by Nicola Vousden, Elodie Lawley, Paul T. Seed, Muchabayiwa Francis Gidiri, Shivaprasad Goudar, Jane Sandall, Lucy C. Chappell, Andrew H. Shennan, on behalf of the CRADLE Trial Collaborative Group
In 2015, approximately 42,000 women died as a result of hypertensive disorders of pregnancy worldwide; over 99% of these deaths occurred in low- and middle-income countries. The aim of this paper is to describe the incidence and characteristics of eclampsia and related complications from hypertensive disorders of pregnancy across 10 low- and middle-income geographical regions in 8 countries, in relation to magnesium sulfate availability.
Methods and findings
This is a secondary analysis of a stepped-wedge cluster randomised controlled trial undertaken in sub-Saharan Africa, India, and Haiti. This trial implemented a novel vital sign device and training package in routine maternity care with the aim of reducing a composite outcome of maternal mortality and morbidity. Institutional-level consent was obtained, and all women presenting for maternity care were eligible for inclusion. Data on eclampsia, stroke, admission to intensive care with a hypertensive disorder of pregnancy, and maternal death from a hypertensive disorder of pregnancy were prospectively collected from routine data sources and active case finding, together with data on perinatal outcomes in women with these outcomes. In 536,233 deliveries between 1 April 2016 and 30 November 2017, there were 2,692 women with eclampsia (0.5%). In total 6.9% (n = 186; 3.47/10,000 deliveries) of women with eclampsia died, and a further 51 died from other complications of hypertensive disorders of pregnancy (0.95/10,000). After planned adjustments, the implementation of the CRADLE intervention was not associated with any significant change in the rates of eclampsia, stroke, or maternal death or intensive care admission with a hypertensive disorder of pregnancy. Nearly 1 in 5 (17.9%) women with eclampsia, stroke, or a hypertensive disorder of pregnancy causing intensive care admission or maternal death experienced a stillbirth or neonatal death. A third of eclampsia cases (33.2%; n = 894) occurred in women under 20 years of age, 60.0% in women aged 20–34 years (n = 1,616), and 6.8% (n = 182) in women aged 35 years or over. Rates of eclampsia varied approximately 7-fold between sites (range 19.6/10,000 in Zambia Centre 1 to 142.0/10,000 in Sierra Leone). Over half (55.1%) of first eclamptic fits occurred in a health-care facility, with the remainder in the community. Place of first fit varied substantially between sites (from 5.9% in the central referral facility in Sierra Leone to 85% in Uganda Centre 2). On average, magnesium sulfate was available in 74.7% of facilities (range 25% in Haiti to 100% in Sierra Leone and Zimbabwe). There was no detectable association between magnesium sulfate availability and the rate of eclampsia across sites (p = 0.12). This analysis may have been influenced by the selection of predominantly urban and peri-urban settings, and by collection of only monthly data on availability of magnesium sulfate, and is limited by the lack of demographic data in the population of women delivering in the trial areas.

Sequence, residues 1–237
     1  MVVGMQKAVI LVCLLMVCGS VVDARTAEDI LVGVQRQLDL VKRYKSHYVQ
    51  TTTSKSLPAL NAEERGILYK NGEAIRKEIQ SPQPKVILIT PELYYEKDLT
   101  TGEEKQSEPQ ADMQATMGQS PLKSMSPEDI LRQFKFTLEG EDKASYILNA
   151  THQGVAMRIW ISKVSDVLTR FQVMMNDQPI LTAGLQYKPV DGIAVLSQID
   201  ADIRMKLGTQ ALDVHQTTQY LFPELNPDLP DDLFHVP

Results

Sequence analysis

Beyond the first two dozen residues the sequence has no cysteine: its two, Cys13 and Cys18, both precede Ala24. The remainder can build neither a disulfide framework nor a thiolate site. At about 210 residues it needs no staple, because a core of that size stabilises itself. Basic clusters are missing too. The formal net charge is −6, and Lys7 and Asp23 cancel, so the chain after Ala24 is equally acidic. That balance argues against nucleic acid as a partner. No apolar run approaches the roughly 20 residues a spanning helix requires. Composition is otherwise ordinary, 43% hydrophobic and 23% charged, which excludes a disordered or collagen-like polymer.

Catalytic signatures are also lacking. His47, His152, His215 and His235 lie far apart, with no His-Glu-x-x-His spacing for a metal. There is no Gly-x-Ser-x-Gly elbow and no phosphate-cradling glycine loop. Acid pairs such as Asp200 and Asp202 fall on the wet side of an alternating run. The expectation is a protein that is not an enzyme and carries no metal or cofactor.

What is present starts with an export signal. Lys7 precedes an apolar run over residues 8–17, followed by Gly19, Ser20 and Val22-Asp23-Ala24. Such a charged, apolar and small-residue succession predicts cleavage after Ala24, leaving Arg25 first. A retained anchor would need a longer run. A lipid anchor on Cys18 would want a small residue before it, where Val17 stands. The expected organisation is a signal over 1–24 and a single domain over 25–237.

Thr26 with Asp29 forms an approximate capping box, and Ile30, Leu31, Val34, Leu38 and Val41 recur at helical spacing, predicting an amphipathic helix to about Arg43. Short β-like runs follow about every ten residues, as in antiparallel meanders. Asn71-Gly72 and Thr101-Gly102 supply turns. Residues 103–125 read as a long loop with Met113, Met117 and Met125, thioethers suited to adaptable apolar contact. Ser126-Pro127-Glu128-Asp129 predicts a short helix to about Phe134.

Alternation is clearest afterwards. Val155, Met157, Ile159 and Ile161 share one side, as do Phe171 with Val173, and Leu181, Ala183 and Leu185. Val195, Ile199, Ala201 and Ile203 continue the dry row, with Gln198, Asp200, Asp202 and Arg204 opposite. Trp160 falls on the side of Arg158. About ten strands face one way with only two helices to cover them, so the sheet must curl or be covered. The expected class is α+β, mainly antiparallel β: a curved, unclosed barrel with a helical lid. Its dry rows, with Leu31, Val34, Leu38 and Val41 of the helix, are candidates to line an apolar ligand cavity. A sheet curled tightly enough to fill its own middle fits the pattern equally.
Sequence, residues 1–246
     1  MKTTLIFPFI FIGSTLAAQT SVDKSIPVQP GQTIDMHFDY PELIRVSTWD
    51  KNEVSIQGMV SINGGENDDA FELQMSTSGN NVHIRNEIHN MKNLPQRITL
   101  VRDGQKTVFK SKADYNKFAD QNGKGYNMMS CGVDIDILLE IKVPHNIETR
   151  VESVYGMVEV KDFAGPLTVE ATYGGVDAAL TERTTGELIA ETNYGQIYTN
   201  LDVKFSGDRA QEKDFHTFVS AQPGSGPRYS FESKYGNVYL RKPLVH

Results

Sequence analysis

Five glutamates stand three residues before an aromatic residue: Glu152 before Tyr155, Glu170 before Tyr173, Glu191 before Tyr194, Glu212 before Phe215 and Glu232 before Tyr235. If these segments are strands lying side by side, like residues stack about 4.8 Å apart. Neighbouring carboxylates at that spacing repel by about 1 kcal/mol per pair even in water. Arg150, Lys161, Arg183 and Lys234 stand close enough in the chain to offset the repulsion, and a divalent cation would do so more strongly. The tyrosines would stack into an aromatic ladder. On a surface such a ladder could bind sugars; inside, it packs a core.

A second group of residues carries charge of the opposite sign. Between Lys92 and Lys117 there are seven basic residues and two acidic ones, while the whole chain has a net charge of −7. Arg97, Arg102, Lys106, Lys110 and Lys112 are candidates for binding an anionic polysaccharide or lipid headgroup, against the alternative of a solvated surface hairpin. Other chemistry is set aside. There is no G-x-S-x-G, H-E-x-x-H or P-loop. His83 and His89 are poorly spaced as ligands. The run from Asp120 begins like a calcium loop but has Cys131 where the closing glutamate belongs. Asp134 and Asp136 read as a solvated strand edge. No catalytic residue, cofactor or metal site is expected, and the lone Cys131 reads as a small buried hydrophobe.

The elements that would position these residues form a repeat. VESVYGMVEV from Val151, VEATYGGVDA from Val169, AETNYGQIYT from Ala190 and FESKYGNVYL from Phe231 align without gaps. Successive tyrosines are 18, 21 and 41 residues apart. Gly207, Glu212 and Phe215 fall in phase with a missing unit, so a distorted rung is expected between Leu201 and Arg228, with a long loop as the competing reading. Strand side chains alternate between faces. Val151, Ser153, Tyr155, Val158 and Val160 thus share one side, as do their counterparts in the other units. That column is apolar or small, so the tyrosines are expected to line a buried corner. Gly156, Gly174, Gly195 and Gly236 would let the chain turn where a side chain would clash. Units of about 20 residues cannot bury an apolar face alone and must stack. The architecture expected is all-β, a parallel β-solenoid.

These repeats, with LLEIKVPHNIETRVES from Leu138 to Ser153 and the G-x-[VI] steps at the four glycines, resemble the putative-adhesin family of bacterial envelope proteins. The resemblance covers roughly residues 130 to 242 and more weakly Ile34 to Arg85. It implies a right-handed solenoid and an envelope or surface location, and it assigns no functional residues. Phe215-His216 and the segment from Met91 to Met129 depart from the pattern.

The large variation in eclampsia and maternal and neonatal fatality from hypertensive disorders of pregnancy between countries emphasises that inequality and inequity persist in healthcare for women with hypertensive disorders of pregnancy. Alongside the growing interest in improving community detection and health education for these disorders, efforts to improve quality of care within healthcare facilities are key. Strategies to prevent eclampsia should be informed by local data.
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